Decoding the Digital Picture

By Laura Spadanuta

Intelligent Video

Intelligent video analytics, which have been on the scene for several years now, take surveillance to the next level. Rather than merely capturing video, the system can be programmed to alarm for certain suspicious or prohibited activities, such as leaving a package, walking the wrong way in a restricted location, or driving too fast.

Some of the analytics that companies are mastering are the identification of left behind objects and tripwire detection. Motion detection, though not technically an intelligent analytic, is also getting grouped into this category.

In general, intelligent video is still an early market. But proponents believe that intelligent video may eventually facilitate a sea change in the way CCTV is used, making it more of a proactive tool than a forensic one. “You could do it [analytics] in real time and it’s providing you actionable intelligence,” says Sandy Jones of Sandra Jones & Co., a security consulting firm. Goldberg says analytics can turn a false sense of security into “true security.”

As with many cutting-edge technologies, however, when purchasing a system that purports to offer intelligent video, it’s essential to sift through the hype.

Many analytics still have too many false alarms to be helpful, according to Nilsson of Axis Communications. “Ninety percent accuracy for some applications isn’t good enough,” Nilsson says. Those 10 percent false alarms add up to consumers not trusting applications.

There are exceptions to that, he says. In some cases, even just 90 percent accuracy is desirable over nothing. For example, he cites tripwire installations in subways that develop alerts for people going onto the tracks. “It’s much better than not catching anything today, because most of the time, no one is watching those cameras,” Nilsson says.

A trend cited by several integrators and others in the CCTV world is the continued move to put analytics at the “edge,” near or in the camera or at the encoder. The other option is to have analytics conducted at the “back end,” such as at the NVR or DVR.

There are several advantages to having analytics in the camera. First, they would be working on uncompressed video, giving the analytics’ algorithms more pixels with which to work. Second, the move of the analytics to the front end allows for less processing and storage power needed on the back end, according to Fenton.

Essentially, the decision of whether the footage is important can be made before the video is streamed over the network for live viewing or for storage. “There’s no point in recording 23 hours and 55 minutes of video with nothing going on,” says Alan Matchett, CPP, of Johnson Controls.

 Vidient, for example, has a standalone device that is installed on the camera side of the network and carries out compression and analytics, among other functions. When an alert goes off, selected clips of live video can be streamed over the network, rather than all of the video. Thus, the system can serve as a real-time security tool but not take up as much network space as it would if all of the video had to be streamed constantly over the network.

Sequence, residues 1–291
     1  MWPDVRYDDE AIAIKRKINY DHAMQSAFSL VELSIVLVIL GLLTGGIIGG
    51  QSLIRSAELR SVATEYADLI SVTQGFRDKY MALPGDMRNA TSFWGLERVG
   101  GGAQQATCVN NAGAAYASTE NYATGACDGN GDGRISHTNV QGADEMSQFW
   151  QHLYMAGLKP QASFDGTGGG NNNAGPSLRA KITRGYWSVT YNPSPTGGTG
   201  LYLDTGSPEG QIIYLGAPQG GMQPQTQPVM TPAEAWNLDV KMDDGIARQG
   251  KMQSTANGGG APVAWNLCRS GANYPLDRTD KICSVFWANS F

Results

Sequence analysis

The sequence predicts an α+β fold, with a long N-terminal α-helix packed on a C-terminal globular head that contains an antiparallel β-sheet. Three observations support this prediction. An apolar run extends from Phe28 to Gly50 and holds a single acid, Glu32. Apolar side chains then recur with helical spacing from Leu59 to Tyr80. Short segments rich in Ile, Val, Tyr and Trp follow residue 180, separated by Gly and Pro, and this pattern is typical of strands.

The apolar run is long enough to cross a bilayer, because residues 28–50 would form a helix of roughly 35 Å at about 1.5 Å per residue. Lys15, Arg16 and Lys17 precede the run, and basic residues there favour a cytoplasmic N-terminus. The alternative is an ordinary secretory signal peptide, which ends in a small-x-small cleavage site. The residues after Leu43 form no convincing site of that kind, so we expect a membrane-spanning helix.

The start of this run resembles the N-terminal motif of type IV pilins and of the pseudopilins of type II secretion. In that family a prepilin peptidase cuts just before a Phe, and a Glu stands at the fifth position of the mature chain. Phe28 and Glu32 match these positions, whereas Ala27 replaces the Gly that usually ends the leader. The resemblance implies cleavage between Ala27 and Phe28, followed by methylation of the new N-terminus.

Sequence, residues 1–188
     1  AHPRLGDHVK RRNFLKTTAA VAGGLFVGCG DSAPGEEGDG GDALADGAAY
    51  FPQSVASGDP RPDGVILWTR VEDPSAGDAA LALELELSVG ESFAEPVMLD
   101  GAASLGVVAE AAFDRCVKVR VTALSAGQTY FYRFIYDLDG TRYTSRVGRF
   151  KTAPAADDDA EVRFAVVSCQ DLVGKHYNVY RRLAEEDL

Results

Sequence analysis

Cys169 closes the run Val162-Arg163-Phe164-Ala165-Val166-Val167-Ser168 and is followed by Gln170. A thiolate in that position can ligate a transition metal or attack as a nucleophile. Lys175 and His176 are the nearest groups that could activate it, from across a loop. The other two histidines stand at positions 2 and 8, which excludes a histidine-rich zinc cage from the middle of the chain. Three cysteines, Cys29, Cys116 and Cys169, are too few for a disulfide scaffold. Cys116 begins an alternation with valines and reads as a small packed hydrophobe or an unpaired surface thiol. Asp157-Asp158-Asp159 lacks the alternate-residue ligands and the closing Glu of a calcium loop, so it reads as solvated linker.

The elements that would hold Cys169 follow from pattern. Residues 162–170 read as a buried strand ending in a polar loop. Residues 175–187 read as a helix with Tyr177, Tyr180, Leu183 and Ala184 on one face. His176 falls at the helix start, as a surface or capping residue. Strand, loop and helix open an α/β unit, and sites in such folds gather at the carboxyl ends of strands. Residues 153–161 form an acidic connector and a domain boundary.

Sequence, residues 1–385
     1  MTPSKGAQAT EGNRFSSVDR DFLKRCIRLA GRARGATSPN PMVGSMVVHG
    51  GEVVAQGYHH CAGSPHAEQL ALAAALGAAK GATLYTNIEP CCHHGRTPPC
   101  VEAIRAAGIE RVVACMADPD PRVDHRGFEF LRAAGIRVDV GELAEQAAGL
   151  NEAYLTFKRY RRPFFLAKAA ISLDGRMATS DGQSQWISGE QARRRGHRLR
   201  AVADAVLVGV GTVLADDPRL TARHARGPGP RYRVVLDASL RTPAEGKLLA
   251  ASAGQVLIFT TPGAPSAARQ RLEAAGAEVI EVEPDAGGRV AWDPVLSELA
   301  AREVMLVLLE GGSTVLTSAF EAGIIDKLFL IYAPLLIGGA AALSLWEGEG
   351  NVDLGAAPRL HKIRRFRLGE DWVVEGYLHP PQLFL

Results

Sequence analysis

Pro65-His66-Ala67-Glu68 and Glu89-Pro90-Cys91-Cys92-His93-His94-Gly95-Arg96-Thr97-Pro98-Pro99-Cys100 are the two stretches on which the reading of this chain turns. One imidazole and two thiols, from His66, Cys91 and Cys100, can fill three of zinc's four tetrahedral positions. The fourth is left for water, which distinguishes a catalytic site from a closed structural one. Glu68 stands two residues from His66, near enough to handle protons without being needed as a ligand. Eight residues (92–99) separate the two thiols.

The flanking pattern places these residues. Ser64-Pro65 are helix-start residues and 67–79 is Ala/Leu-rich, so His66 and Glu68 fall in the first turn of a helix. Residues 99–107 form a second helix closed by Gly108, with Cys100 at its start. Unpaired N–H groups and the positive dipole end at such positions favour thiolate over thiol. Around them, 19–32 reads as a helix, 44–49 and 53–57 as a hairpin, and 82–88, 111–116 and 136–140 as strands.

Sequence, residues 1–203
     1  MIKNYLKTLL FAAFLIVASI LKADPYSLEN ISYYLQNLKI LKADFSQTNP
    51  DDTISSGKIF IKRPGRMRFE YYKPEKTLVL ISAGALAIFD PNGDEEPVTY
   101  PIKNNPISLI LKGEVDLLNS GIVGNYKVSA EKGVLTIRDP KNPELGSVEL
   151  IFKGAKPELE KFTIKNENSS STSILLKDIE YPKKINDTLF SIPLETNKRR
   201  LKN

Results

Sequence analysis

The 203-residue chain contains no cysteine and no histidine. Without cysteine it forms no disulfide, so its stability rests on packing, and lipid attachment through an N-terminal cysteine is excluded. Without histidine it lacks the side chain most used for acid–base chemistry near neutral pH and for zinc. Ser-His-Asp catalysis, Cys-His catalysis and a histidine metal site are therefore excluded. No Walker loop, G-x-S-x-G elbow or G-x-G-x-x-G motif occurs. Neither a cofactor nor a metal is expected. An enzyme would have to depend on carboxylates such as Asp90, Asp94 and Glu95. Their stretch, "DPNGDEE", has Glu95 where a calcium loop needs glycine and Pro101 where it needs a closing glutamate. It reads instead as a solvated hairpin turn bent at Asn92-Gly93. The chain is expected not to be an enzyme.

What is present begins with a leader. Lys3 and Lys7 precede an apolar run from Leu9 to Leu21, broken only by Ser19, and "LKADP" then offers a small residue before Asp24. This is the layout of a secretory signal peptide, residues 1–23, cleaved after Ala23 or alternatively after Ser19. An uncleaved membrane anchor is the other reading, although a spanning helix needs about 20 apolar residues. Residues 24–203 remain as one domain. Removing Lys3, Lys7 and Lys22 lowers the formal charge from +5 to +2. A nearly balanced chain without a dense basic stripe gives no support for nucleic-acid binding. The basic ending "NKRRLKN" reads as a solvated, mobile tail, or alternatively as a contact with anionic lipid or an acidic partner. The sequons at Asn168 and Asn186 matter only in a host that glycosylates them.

There are some drawbacks to having analytics in the camera rather than in a “centralized architecture” back at the server, however. For one, each camera would need to be fitted with the software, and you would need licenses for all, according to Sarangan.

Additionally, although prices of intelligent analytics are noticeably decreasing, analytics do still increase the price of the camera, sometimes by hundreds or thousands of dollars. “I don’t think everyone can really afford to have every camera with analytics on,” says Sarangan. “They might pick the one door or the one point of entry or one location where they have noticed that there’s the highest crime or highest threat.” Sarangan says with that approach, some cameras are left out. In contrast, systems that use centralized analytics, all the data will be reviewed.

And most importantly, some experts just don’t think the cameras have enough processing power to adequately perform all the analytics a client might request.

One compromise is a combination solution that includes analytics in multiple spots, starting at the edge. Howes calls this the “winning” solution. He thinks optimized analytics will be done at the edge and then “as new analytic capabilities come along, they’re going to be perfected in servers.” 

An example of analytics that Howes believes must stay server based for now is any type of facial recognition. To begin with, such biometric applications require the use of databases for comparisons. Additionally, certain analytics require more processing power than what is generally available in camera technology today. Some companies have moved to fix the processing problem, however. Goldberg says Vidient has added parallel processing power to its device.

Banerjee agrees that some analytics require too much processing power for cameras, but he argues that the market for those analytics is small.  Banerjee adds that his company created cameras that can handle such applications as objects left behind or removed and people or objects moving in the wrong direction.

The capabilities of IP-connectivity, storage systems, and intelligent analytics will continue to evolve in the coming years. The challenge for security directors, as always, is to assess which advances in technology offer enough of a boost in system performance for their own application that they merit the investment.

Laura Spadanuta is assistant editor at Security Management.




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